No wonder my children think I'm a nag. I'm no fun compared to Buck. I home school and make them make their bed. I make them fold laundry and put it away. They must clean their rooms before they are permitted to have screen time.
However, when I go out of town, my husband takes them to incredible events. Last time I went to Atlanta, Buck hooked up with our beloved master of fun middle school ministry intern and took the children to see Charlie Hall. Buck says Charlie is his inspiration for his won hairstyle. I could hear and feel the electric current of excitement in my family when I returned.
Over the weekend, Buck took everyone to see Group1Crew and Toby Mac. Nerdy or not, three of my children can't take the noise of concerts and must be back from the stage a bit, and Pooh Bear wears earplugs to safeguard her developing ears. Tater, who can't hear music unless it's loud, made his way to front and center stage to watch the sweat pour onto guitars from the musician's brows. Everyone showed off their Toby Mac wrist sweat bands to me. Have we returned to the 70's or something, and I completely missed it? Do people actually wear running gear like jewelery again? Seriously?
Apparently, the cameras caught my family a few times and put their faces on the jumbotron. Buck got a call from our youth pastor on his cell, saying, "Hey, I see you're here, man!"
Buck replied, "Yeah, the cameras are scanning for good looking people. I wonder why they haven't found you?"
For me, it was the final weekend of the course I was team teaching. The other two trainers inspired me to no end. I learned more about the work I do with children from my co-trainers and the participants than I ever have. As team teachers, we discussed running our course in an experimental and experiential mode. The traditional way to teach the course has been for the participants to take note on lectures and presentations (lessons for the children). Thankfully, the trainers I learned from had a particular knack to make the lectures more discussion than preachy. However, the format didn't match the method we offer children. Liz, Lori, and I took the lecture notes in our leader's manuals and asked the question, "How can we take this from lecture to a meaningful experience?" Here's an example of how that played out.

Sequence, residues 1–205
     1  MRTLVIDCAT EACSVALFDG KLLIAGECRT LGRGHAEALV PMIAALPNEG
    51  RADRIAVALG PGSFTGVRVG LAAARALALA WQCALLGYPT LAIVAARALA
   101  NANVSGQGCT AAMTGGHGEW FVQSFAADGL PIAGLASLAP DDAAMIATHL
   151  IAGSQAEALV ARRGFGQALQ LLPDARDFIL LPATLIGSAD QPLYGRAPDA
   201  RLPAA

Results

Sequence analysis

My assigned "lecture" was titled The Method of Signs: Baptism. I'd hidden five dollars in the room the day before and told no one. I led a warm-up discussion on how God has hidden things for us to find in the Liturgy and the Word. I told them about the money I'd hidden for someone to find and asked, "Why didn't you find it?"
"We didn't know it was there," they replied.
"What can this experience tell us about God and signs?" I inquired.
"They're everywhere, and we just have to know to look." came the answer from the participants.
We explored the parable of the prodigal son for signs. Their search yielded a white board of interesting and wonderful signs I, for one, had never considered. We went into the children's classroom and looked for signs leading us to God there. The participants filled the white board with what they found hidden in the work. These people see.
Lastly, we were to end with the gifts and signs particular to baptism. Such rich faith. Discussion lasted ten minutes past my concluding remarks. To me, that time of reflection showed the depth of the participants.
Good weekend. Now, back to the task of being a mom. How in the world can I measure up to the bliss my dear husband creates while I'm away? Fortunately, he's going to stick around and keep making fun for us all.
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